Moodle APC

This ‘Speed up Moodle’ series of 4 posts will teach you step-by-step how to optimise your Linux server for Moodle. It is aimed at beginner server administrators. If you find any mistakes or inconsistencies, please comment and I’ll rectify ASAP. This fourth post is about enabling APC, an opcode cache on your server, probably the easiest and most efficient step to increase server performance.

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Optimize MySQL database on Moodle

This post is part of ‘Speed up Moodle’, a 4 post series showing ways to optimize a Moodle server. Moodle is a database driven application, and the faster the database, the faster your Moodle installation will be. In the second post, I show you a simple way to increase your Moodle database performance, focusing on MySQL. Do keep in mind that fine tuning a database is a vast topic, and entire books have been dedicated to it. In this post, I only focus on the part that will likely show the most improvement.

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Non optimized Moodle servers can crash under light load

This ‘Speed up Moodle’ series of 4 posts will teach you step-by-step how to optimise your Linux server for Moodle. It is aimed at beginner server administrators. If you find any mistakes or inconsistencies, please comment and I’ll rectify ASAP. This first post is about optimising Apache for Moodle. Check out the other posts on optimising MySQL, installation of an opcode cache such as APC and other ways to optimise your Moodle server. Please see ‘Assumptions’ and ‘Technical notes’ at the bottom of this post.

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Moodle 2.4 Beta performance test

[pulledquote]Last month I wrote a blog post comparing different versions of Moodle and the demands they each place on hardware. With Moodle 2.4 release just around the corner, I thought I would perform the same series of tests – here are the results.[/pulledquote]

Warning: these tests are not scientific by any standards but I am comparing apples with apples, please read my previous blog post to check my methodology – I did not change anything on my server/Moodle site since my last round of tests. All figures shown below are averages.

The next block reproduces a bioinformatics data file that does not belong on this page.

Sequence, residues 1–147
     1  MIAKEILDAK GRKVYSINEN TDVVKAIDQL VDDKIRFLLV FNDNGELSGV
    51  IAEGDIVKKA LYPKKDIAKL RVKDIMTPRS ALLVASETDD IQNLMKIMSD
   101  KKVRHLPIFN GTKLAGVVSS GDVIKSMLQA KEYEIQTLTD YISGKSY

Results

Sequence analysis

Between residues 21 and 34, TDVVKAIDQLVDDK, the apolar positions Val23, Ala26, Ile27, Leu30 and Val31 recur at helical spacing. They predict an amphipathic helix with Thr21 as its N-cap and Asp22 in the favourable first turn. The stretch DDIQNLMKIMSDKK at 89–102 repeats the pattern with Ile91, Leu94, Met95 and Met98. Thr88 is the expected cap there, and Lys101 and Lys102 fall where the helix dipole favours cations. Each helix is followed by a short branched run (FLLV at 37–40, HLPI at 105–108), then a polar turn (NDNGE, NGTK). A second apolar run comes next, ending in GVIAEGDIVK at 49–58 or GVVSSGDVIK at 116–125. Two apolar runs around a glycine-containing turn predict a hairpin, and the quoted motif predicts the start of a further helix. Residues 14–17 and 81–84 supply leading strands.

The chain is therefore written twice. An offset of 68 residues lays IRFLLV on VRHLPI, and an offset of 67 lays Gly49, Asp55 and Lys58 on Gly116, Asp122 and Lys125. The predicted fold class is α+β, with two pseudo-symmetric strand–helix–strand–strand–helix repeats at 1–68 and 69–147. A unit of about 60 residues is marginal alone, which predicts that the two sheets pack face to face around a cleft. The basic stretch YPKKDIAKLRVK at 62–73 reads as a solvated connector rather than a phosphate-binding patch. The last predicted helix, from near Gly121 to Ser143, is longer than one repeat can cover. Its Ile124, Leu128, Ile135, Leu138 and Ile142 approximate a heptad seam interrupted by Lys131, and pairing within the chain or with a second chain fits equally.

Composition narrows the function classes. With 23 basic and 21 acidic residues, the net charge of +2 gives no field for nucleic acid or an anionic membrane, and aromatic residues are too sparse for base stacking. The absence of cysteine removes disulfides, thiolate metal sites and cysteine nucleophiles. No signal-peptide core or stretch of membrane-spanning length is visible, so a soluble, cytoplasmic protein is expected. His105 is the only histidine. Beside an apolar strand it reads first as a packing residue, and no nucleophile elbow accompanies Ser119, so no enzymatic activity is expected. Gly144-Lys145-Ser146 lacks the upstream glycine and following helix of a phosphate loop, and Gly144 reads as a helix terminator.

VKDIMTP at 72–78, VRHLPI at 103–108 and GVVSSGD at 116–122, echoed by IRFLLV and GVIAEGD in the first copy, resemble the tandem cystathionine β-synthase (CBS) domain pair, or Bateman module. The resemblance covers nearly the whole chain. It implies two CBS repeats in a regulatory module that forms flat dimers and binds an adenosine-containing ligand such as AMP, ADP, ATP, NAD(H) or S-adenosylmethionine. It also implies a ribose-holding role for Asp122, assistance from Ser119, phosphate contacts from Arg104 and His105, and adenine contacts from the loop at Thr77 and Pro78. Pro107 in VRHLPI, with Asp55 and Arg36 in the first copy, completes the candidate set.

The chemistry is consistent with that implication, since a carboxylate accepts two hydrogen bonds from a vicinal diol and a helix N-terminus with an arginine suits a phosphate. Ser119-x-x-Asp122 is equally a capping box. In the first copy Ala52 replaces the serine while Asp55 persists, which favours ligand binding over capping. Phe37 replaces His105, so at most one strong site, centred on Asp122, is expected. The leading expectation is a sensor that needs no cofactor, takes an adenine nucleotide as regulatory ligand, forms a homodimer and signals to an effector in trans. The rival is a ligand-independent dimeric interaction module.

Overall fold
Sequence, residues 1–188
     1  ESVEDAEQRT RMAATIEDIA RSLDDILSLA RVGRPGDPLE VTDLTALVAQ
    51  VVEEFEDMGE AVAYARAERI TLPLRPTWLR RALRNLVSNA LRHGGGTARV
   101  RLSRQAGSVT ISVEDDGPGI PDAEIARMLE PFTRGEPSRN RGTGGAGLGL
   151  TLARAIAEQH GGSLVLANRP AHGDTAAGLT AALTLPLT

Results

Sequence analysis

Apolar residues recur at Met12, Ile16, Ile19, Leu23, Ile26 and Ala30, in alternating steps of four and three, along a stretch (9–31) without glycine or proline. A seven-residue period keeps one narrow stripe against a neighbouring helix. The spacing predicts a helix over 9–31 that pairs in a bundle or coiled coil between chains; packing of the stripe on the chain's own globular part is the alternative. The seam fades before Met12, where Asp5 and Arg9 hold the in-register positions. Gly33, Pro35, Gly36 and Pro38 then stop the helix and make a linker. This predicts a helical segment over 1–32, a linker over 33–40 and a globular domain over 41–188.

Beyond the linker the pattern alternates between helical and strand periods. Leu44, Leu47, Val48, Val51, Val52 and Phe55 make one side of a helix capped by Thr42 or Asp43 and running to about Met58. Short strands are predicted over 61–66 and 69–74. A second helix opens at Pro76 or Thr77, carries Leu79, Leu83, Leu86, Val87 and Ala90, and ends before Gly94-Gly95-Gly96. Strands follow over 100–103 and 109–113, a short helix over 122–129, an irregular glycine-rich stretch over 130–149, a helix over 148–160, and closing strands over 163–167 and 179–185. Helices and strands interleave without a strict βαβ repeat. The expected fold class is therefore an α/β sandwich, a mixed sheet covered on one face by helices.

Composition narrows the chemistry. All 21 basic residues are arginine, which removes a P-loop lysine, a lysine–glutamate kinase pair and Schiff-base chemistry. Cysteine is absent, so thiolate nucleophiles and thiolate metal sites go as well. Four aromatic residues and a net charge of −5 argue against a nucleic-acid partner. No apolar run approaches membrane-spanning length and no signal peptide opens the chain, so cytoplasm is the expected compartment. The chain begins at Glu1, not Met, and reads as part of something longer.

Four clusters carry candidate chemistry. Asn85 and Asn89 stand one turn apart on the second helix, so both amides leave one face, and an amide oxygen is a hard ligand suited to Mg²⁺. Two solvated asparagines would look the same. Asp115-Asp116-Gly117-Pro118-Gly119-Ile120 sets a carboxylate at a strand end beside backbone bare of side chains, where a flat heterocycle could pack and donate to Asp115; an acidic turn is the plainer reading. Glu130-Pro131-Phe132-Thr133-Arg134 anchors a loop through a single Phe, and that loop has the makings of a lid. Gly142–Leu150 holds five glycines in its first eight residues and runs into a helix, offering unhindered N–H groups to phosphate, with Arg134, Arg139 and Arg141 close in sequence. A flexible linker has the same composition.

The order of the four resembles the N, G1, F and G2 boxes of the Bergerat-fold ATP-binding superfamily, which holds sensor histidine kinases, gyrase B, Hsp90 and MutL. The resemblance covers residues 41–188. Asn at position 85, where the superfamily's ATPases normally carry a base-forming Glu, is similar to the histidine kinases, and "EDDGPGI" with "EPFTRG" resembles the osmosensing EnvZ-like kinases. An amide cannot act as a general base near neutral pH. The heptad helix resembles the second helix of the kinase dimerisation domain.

Warning 2: Moodle 2.4 is still in its beta stage, I will run the same test once the official Moodle 2.4 stable has been released.

 

 

RAM to generate a page -8.9%

 

Average amount of RAM to generate a Moodle 2.4 page

 

On average, I found that Moodle 2.4 uses 8.9% less RAM to generate pages than Moodle 2.3. This is great news considering that, for a large amount of Moodle servers, is the first thing that needs upgraded when usage increases. Moodle is very ‘RAM hungry’.

 

Time to generate a page -9.1%

 

 

 

On average Moodle 2.4 is 9.1% faster at generating pages than Moodle 2.3. Might not matter much if you only have a few users, but it starts adding up if you have hundreds/thousands of simultaneous users. The less time your CPU/disk spend generating a page, the faster they can move on to their next task.

 

Number of files to generate a page -9.1%

 

Average number of files needed to generate a Moodle 2.4 page

 

On average, it takes 25 fewer files to generate a Moodle 2.4 page compared with Moodle 2.3. This equates to a 9.1% improvement over Moodle 2.3. Each file needs to be collected from the disk before it can be processed by the CPU to generate a page, so the less files to be collected, the better.

 

Average database reads -36.6%

 

Average number of database calls to generate a Moodle 2.4 page

 

This is the big winner and I believe is directly linked to the introduction of the Moodle Universal Cache (MUC from then on) in Moodle 2.4. On average, Moodle 2.4 makes almost 37% fewer calls to the database to generate Moodle pages compared with Moodle 2.3 (39 calls vs. 57). This is huge considering MySQL (if that’s what you use as your database) is often the bottleneck in large-ish Moodle servers. This will have a massive impact when you have a lot of simultaneous users on your Moodle site, less database calls = more simultaneous users who can use Moodle on your current hardware. This is quite impressive considering it is only the first iteration of the MUC.

 

Average CPU load -6.5%

Warning: this is to be taken with a grain of salt, see my previous blog post for reasons why.

 

Average CPU load using Moodle 2.4

 

On average, Moodle 2.4 uses 6.5% less CPU than Moodle 2.3. From experience, CPU is rarely the first thing that needs upgrading on a Moodle server but it’s nice to see an improvement in this area. 

 

Conclusions

We’re still a far cry from the lean-mean Moodle 1.9 but it is great to see that Moodle HQ have managed to keep adding features whilst reducing Moodle’s footprint on hardware. One cannot compare Moodle 2.x with Moodle 1.9.x – there have been too many features added, improvements made for it to be a fair comparison. Moodle relies heavily on calls to the database so the less calls, the better. With a 37% improvement, this alone should prompt you to update to Moodle 2.4 when it comes out.

It is important to note that my server already uses caching techniques that the new Moodle Universal Cache cannot yet leverage (e.g. APC). I fully expect MUC to mature and reduce Moodle’s footprint even further. This is a step in the right direction. Gains brought by the MUC will be more obvious when multiple users are logged on, I will try and test it out soon.

I have another round of tests coming up where we’ll be able to see the difference on a server that does not yet have APC enabled. Stay tuned.

 

Have you run any Moodle performance tests lately? If you have, please don’t be shy and share in the comments section below.